Samples and resources

This page contains links to resources that can make you more efficient as you develop your apps for Windows. It includes sample apps and toolkits; code samples that demonstrate specific tasks, features, and API usage patterns; and tools to enhance your development environment.

Developer at desk

WinUI 3 Gallery

The WinUI 3 Gallery app showcases all the XAML UI components in an interactive format. This app is the interactive companion to the Fluent Design Guidelines and has examples of WinUI 3 controls, features, and styles.

You can get the app from the Microsoft Store or get the source code on GitHub at microsoft/WinUI-Gallery.

Input & Composition Gallery

Use this sample app to browse through a collection of samples showing creative ways to customize and differentiate your app, then check out the accompanying code on GitHub to see how it was made. It showcases a variety of Microsoft.UI.Composition and Microsoft.UI.Input APIs, the building blocks that make up the Fluent Design System.

You can get the app from the Microsoft Store or get the source code on GitHub at microsoft/WindowsCompositionSamples.

Toolkits and helpers

Windows Community Toolkit

The Windows Community Toolkit is a collection of helper functions, custom controls, and app services. It simplifies and demonstrates common developer tasks when building apps for Windows. See Get started with the Windows Community Toolkit for detailed information about using the toolkit.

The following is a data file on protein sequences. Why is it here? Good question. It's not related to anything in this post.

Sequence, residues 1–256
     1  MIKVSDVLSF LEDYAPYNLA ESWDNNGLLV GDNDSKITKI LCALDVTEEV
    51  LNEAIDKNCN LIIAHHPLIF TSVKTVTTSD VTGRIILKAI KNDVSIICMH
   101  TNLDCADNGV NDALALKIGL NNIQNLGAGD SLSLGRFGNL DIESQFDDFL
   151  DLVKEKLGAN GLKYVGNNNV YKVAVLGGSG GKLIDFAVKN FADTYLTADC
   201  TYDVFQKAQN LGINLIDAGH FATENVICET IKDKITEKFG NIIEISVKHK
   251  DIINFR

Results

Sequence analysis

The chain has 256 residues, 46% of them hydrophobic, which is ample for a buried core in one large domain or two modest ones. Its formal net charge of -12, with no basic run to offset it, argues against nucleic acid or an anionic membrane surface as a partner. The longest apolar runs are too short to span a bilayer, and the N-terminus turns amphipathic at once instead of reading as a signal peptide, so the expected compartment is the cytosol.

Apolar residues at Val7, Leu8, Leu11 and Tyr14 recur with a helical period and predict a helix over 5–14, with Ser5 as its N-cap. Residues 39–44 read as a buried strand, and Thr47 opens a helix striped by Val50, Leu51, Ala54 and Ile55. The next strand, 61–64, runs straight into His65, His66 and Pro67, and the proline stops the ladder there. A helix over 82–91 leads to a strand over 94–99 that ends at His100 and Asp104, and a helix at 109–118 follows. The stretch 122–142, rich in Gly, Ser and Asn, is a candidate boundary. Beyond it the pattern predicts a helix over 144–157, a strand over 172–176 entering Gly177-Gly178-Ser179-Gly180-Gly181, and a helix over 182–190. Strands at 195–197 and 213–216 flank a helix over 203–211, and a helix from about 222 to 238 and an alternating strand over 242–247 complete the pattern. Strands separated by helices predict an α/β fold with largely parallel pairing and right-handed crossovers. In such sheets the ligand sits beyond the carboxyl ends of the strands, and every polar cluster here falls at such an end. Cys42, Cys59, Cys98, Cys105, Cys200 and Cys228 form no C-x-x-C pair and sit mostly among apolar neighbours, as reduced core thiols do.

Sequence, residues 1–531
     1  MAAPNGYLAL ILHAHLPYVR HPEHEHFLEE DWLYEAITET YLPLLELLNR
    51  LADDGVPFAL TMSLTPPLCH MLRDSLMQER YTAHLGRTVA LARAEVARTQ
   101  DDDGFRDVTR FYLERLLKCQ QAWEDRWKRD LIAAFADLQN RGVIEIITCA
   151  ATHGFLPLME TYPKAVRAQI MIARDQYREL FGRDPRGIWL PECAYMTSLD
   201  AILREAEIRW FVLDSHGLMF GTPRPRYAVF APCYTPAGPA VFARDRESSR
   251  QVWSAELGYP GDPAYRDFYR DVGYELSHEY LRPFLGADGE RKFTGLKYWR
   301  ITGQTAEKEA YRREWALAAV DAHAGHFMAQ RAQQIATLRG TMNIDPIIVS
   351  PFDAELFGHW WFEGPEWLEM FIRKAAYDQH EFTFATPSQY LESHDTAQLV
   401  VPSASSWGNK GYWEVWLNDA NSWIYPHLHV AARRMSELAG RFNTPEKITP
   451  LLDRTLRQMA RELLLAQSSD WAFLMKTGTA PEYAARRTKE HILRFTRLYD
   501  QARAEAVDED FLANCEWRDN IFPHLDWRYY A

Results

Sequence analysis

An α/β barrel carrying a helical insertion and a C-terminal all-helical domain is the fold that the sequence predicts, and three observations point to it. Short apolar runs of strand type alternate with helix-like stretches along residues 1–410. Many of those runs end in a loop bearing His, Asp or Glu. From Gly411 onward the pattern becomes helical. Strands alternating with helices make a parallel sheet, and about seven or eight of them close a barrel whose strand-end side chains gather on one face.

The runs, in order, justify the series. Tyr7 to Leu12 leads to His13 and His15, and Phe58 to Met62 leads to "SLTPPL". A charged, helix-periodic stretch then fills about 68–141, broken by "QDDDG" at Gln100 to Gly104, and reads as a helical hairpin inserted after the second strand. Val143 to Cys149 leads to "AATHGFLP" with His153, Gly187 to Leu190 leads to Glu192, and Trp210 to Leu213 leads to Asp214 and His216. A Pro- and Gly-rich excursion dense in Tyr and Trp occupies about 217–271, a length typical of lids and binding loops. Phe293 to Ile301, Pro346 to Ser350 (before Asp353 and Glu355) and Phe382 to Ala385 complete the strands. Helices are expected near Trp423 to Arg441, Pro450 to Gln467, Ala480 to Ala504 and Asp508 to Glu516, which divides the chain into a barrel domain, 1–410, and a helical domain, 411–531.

You can get the Windows Community Toolkit Gallery app from the Microsoft Store to see the controls in an actual app or get the source code on GitHub at CommunityToolkit/Windows.

Template Studio

Template Studio for WinUI accelerates the creation of new WinUI apps using a wizard-based UI. It's available to create apps using C# and the MVVM Toolkit.

You can get the extension from the Visual Studio Marketplace or get the source code on GitHub at microsoft/TemplateStudio.


Template Studio for WinUI only creates apps that use the MVVM design pattern. It does not support creating apps that use the standard code-behind pattern.

Windows App SDK / WinUI 3 samples

The samples in this list demonstrate features from the Windows App SDK and WinUI 3. See our Samples Browser for a more extensive catalog of samples.

Most of the samples identified in this list contain Solution (.sln) files that can be opened in Visual Studio. Refer to each resource's Readme for additional instructions.

You can find these sample in the main Windows App SDK samples repository on GitHub at microsoft/WindowsAppSDK-Samples

Samples that demonstrate specific tasks

Sample Task
Activation Handle app activation kinds. App activiation APIs control the way that your app handles activation kinds like Launch, File, and Protocol.
App Instancing Determine application instancing behavior. App instancing APIs control whether or not users can run multiple instances of your application at the same time.
Power Notifications Use state notifications. State notifications allow you to detect when the user's device enters specific states, such as low power mode.
Restart Programatically restart your app. This sample makes use of the Windows App SDK Restart APIs.
Resource Management Tailor your app to the user and device settings. MRT Core resource management APIs allow you to adapt resource utilization to specific situations.